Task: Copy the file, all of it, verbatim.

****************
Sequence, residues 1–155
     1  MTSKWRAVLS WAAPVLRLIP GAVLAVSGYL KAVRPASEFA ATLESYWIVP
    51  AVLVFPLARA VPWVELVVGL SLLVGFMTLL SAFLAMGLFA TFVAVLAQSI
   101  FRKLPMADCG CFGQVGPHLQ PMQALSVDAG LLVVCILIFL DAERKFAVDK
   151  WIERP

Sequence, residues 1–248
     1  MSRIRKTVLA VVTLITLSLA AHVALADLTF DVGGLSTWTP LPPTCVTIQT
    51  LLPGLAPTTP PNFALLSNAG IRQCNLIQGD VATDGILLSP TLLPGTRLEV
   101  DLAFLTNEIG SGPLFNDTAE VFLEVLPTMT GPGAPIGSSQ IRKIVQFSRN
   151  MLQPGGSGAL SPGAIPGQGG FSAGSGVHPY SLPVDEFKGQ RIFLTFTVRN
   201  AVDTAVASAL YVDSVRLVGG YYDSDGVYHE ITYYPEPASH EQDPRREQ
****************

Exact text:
Sequence, residues 1–155
     1  MTSKWRAVLS WAAPVLRLIP GAVLAVSGYL KAVRPASEFA ATLESYWIVP
    51  AVLVFPLARA VPWVELVVGL SLLVGFMTLL SAFLAMGLFA TFVAVLAQSI
   101  FRKLPMADCG CFGQVGPHLQ PMQALSVDAG LLVVCILIFL DAERKFAVDK
   151  WIERP

Sequence, residues 1–248
     1  MSRIRKTVLA VVTLITLSLA AHVALADLTF DVGGLSTWTP LPPTCVTIQT
    51  LLPGLAPTTP PNFALLSNAG IRQCNLIQGD VATDGILLSP TLLPGTRLEV
   101  DLAFLTNEIG SGPLFNDTAE VFLEVLPTMT GPGAPIGSSQ IRKIVQFSRN
   151  MLQPGGSGAL SPGAIPGQGG FSAGSGVHPY SLPVDEFKGQ RIFLTFTVRN
   201  AVDTAVASAL YVDSVRLVGG YYDSDGVYHE ITYYPEPASH EQDPRREQ